There are tons of phenomenal Mexican restaurants in Los Angeles, but you might guess that one of the greatest is in Koreatown. It’s called Guelaguetza, and it was opened as a place for the Oaxacan community to find a taste of where they came from. Eventually the late, great restaurant critic Jonathan Gold called it “The best Oaxacan restaurant in the United States.” Bricia Lopez grew up in that restaurant, taking it over when her parents moved back to Mexico, and is bringing their love of their culture to a new generation. We wanted to talk with her about that decision, the dreams she put on hold when she decided to continue the family business, and the joy that her work brings.

Francis Lam: Can you tell us how your restaurant Guelaguetza got started?

Bricia Lopez: The restaurant was started by my father in 1994, so this year we turn 25, which is crazy to think. My dad migrated from Oaxaca in 1993, and in 1994 he opened up shop in a little place in Koreatown. It was a very small restaurant, and a few months after he opened, my mom, my siblings and I moved to L.A. and all of us started working in the restaurant all the time.

FL: Why did he open in Koreatown? L.A. is such a Mexican city.

BL: Koreatown in the early 1990s was very Mexican, with both a lot of Mexican community and a lot of Korean community.

FL: You said you’ve basically been working in the restaurant since you came to the United States 25 years ago.

BL: Yes, since I was nine years old.

FL: For people who grow up in that kind of place, did you know you wanted to take it over one day, or were you like, Oh my god, get me out of here!?

BL: Oh, no. I did not want to do anything to do with the restaurant. Believe it or not, I wanted to be a journalist. I wanted to be a news anchor. I wanted to be a radio host. I wanted to do everything but work in the restaurant because as a young girl I always saw the restaurant as something that was taking my family away from me in a sense – taking my parents’ time, taking joy from my childhood. I would get so angry. I didn’t get to go to a prom because I had to work. I couldn’t do sports after school. I hated it. I really did not like my time there as a high schooler. When college came – this is what’s funny – I couldn’t leave because something inside me didn’t want to leave my parents alone. I felt a responsibility of being part of the restaurant; I decided to go to a college locally and continue working in the restaurant.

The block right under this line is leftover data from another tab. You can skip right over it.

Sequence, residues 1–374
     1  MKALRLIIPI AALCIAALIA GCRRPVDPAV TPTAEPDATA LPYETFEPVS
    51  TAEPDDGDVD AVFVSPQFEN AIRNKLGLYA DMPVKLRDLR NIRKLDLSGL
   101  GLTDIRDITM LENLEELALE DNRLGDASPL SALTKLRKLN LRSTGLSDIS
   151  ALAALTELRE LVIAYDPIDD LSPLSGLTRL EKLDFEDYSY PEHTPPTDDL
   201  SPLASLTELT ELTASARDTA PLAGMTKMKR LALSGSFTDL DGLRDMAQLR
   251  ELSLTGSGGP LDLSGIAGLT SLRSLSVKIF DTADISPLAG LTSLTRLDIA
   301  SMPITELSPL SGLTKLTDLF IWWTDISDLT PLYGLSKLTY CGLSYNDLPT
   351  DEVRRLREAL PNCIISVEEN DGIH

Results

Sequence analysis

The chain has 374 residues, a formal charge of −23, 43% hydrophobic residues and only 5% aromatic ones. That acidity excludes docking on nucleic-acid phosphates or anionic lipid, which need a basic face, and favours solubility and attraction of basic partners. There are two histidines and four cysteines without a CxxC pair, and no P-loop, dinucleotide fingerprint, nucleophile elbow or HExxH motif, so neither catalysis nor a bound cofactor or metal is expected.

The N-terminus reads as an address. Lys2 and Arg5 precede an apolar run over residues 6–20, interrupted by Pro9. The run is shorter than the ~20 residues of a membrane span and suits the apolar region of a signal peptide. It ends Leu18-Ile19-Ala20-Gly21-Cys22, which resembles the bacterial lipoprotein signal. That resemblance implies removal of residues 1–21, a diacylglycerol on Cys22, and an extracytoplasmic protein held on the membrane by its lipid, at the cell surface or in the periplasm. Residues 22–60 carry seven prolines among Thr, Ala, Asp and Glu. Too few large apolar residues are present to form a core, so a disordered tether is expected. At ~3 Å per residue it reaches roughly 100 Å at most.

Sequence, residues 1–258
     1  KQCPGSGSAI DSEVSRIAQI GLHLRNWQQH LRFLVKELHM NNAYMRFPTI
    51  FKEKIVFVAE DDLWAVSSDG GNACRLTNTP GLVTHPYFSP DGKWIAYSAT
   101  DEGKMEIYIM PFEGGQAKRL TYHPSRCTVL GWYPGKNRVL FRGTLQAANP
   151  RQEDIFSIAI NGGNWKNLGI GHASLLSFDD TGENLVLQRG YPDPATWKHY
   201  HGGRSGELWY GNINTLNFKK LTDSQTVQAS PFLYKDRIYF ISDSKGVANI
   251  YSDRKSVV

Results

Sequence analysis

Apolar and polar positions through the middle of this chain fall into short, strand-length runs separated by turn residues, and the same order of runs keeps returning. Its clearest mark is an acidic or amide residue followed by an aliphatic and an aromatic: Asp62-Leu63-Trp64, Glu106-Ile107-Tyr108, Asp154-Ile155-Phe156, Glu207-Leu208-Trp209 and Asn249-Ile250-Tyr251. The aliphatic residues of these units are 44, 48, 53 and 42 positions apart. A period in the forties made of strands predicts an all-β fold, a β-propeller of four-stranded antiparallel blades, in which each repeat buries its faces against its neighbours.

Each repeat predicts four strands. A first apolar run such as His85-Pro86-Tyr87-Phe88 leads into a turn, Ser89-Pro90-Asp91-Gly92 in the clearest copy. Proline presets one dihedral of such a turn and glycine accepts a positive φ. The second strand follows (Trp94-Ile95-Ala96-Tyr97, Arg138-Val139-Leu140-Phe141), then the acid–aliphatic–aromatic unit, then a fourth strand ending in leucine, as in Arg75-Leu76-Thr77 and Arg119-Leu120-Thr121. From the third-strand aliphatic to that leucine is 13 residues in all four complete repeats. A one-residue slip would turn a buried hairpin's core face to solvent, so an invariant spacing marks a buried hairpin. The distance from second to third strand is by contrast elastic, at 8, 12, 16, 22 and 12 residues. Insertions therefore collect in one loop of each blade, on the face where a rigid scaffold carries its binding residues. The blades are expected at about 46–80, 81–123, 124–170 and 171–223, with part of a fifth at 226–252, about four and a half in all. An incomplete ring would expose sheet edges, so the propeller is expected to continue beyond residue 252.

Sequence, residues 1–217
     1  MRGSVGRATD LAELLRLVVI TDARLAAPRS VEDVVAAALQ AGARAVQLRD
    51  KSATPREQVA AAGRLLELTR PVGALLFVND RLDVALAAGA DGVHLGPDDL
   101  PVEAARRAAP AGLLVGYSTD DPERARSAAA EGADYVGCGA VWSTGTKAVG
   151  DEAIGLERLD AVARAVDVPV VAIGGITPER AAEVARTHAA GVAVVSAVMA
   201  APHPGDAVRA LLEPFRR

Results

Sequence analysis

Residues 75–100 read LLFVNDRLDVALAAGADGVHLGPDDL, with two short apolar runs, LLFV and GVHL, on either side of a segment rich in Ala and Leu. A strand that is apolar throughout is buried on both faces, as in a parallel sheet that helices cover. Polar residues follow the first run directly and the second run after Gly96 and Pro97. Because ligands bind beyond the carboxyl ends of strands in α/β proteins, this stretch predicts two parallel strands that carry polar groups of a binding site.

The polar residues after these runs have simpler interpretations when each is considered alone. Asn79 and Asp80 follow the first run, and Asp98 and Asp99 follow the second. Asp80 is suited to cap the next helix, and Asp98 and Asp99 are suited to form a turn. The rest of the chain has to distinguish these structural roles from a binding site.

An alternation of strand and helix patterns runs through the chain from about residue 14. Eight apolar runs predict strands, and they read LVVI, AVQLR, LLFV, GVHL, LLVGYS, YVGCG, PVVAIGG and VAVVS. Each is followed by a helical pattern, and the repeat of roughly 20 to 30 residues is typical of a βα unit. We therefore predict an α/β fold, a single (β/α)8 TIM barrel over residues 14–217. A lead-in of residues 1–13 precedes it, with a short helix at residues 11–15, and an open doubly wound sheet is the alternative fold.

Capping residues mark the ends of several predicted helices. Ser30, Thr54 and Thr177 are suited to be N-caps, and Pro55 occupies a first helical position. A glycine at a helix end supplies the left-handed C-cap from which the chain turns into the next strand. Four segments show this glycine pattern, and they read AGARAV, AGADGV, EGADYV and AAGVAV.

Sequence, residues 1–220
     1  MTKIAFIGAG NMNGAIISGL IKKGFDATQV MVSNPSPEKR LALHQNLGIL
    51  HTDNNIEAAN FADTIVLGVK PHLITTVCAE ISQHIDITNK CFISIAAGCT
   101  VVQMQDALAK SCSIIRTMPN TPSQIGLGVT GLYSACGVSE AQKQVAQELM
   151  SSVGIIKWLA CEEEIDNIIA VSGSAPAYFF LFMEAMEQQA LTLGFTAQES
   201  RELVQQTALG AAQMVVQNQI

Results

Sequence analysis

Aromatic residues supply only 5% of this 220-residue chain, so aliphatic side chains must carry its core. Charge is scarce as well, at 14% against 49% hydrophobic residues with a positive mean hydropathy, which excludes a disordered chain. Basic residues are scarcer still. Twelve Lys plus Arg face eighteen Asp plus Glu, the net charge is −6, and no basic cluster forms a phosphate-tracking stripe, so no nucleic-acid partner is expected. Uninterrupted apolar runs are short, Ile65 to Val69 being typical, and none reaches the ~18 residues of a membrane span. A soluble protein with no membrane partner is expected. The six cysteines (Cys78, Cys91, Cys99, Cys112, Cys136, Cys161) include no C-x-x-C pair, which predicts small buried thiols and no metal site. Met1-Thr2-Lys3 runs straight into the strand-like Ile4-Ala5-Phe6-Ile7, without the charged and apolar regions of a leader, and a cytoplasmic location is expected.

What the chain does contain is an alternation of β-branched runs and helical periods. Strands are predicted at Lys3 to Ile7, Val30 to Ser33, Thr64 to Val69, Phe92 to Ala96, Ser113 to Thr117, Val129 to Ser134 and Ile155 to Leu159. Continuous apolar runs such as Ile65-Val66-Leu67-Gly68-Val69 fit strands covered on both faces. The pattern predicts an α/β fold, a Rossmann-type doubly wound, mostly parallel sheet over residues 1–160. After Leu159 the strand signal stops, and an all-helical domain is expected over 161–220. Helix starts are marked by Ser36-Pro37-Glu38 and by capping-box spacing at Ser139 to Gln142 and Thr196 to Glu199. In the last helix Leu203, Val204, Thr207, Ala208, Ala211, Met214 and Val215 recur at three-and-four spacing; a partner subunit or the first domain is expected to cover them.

Back then it was even more back of the house – accounting, administration. Because when you’re a daughter of immigrants, you’re not only their translator, but also their attorney and their accountant, because my parents couldn’t speak English. My older sister ran away and went back to Mexico for college, and then my brother went up north for college, and for a while it was just me and my parents. That’s when I learned to fall in love with the process and understood the bigger picture. It was really through college where I started seeing the restaurant as my career, but I was still fighting that calling, I would say.

FL: Was there then a moment where you knew you’d made the decision? Was there a moment where all of the sudden it was like, Yeah, I guess I grew up here and I’m going to stay here?

BL: The moment came when the recession hit, and my parents lost everything. They lost their house, they lost their cars, they lost all the other businesses they had. They were stripped down from everything. It was a very dark period in our family’s life. They said they wanted to sell everything off, pay all debts and leave this country forever. At that time, I was faced with this decision of either, my dad sells everything off and moves and I stay here because I’m not going to move to Mexico, and I have to get a job. And I think it was at that moment where it hit me like, I’m going to go get a job? No, I’m not! But not only am I not going to go get a job, but it was also this – I was put in front of this image of my parents with nothing, leaving without a legacy, leaving with all their years of sacrifice – like gone. And I just couldn’t imagine me being part of that story.